Qui Nhon 1966 - Vietnam
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A documentary by correspondent Patricia Penn on the work of the New Zealand hospital and staff at Qui [Quy] Nhon, Binh Dinh Province, Vietnam during the Vietnam War.
[Please note: this recording contains audio and graphic descriptions of hospital patients suffering from napalm burns and other wounds, which may be distressing to some listeners.]
Actuality recorded in the hospital ward. Patricia Penn describes the Vietnamese patients, and their wounds and treatment. Dr Douglas Short of Tauranga describes the horrific injuries to a female patient.
New Zealand's medical team have been there since 1963, the longest of any of the foreign teams. A New Zealand nurse was killed recently.
There is a description of the town, and how civilian casualties come to the hospital.
Dr Short talks about patients making their way to the hospital in terrible condition. There is no way of knowing how patients were wounded, whether by US bombing or by the Vietcong. He says the Vietnamese are the most stoic people he has ever met. Untrained relatives often save lives through their nursing care of a wounded family member.
Mines also endanger people trying to reach the hospital. Often there is only one nurse to a ward of sixty people, and no night nurses.
Officially there are no civilian casualties. Americans warn villages before bombing and tell them to evacuate, but Vietcong often prevent them leaving.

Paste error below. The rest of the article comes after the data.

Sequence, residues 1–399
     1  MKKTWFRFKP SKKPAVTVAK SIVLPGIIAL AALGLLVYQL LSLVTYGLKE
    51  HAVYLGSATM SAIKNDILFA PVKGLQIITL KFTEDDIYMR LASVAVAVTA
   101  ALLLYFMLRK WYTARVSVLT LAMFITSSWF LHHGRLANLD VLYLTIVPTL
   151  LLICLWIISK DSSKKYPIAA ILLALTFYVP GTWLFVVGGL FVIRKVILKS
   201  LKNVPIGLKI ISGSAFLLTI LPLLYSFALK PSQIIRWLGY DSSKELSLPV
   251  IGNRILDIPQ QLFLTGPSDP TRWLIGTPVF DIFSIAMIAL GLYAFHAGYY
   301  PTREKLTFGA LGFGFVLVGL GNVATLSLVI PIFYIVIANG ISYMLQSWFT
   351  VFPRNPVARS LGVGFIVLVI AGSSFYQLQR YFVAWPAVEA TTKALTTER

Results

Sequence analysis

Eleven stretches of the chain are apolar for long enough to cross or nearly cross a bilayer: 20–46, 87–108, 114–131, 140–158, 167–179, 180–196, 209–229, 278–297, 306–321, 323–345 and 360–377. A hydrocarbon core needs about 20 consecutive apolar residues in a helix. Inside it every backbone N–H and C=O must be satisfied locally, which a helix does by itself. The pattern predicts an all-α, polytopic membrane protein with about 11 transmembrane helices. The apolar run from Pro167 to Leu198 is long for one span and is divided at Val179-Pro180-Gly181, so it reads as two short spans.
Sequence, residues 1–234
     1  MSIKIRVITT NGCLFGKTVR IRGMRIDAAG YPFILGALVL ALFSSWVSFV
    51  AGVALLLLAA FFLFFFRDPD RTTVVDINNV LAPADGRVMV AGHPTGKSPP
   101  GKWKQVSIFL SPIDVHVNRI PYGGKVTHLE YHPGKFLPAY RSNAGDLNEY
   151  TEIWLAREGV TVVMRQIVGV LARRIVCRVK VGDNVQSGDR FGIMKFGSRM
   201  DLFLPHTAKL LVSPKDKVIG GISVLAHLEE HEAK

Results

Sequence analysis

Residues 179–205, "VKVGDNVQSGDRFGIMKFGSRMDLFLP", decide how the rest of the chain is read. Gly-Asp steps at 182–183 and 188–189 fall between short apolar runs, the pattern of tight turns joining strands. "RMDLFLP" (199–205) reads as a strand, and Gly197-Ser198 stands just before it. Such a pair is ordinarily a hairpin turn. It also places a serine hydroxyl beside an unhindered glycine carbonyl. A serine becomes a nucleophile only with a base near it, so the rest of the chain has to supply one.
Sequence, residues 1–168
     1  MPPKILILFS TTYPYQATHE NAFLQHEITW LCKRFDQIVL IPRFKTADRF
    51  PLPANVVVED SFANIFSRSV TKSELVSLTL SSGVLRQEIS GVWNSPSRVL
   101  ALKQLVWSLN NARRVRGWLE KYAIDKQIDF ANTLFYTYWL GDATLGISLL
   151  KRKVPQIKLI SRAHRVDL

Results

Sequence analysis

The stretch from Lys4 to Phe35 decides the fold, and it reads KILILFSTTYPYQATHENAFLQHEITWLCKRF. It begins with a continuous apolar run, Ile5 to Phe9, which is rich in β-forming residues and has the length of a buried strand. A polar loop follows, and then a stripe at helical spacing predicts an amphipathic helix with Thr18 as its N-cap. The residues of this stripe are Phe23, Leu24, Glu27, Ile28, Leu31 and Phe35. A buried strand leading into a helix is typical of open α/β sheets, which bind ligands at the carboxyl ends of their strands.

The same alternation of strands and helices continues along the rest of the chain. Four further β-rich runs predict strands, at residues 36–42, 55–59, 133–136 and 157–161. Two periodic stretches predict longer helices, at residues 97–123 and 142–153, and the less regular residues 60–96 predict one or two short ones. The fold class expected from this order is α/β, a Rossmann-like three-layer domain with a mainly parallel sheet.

Dr Short describes some of the horrific burns and injuries to children. He finds it hard to believe how some of them have survived.
Jacqueline Stevens, also from Tauranga Hospital, is the theatre sister. She describes the problems of understaffing, overwork, and tiredness. Dr Short talks about New Zealand's plans to expand the team with more staff, up to 24 or 26 people.
Tessa York, an English nurse who trained at Kettering Hospital, is the other nurse. She talks about the involvement of patients' families in their care, lack of equipment for sterilisation, and running water.
John Weygang, a carpenter and handyman from Tauranga, is training Vietnamese to maintain the hospital.
Patricia Penn says she doubts she will ever see anyone working so hard or people enduring so much as she has at Quy Nhon. There follows comment from Jacqueline Stevens about her impressions. She says you don't get used to it but you have to build a shell in order to carry on.
The documentary ends with audio of a woman patient and child crying.
The back Announcer says new New Zealand staff have now arrived at the hospital.
Reference number 27568
Media type AUDIO
Collection Sound Collection
Documentary radio programs
Nonfiction radio programs
Penn, Patricia, Reporter
Short, Doug 1922-2016, Interviewee
Stevens, Jacqueline, Interviewee
York, Tessa, Interviewee
Radio New Zealand. National Programme (estab. 1964, closed 1986), Broadcaster
Date 09 Sep 1966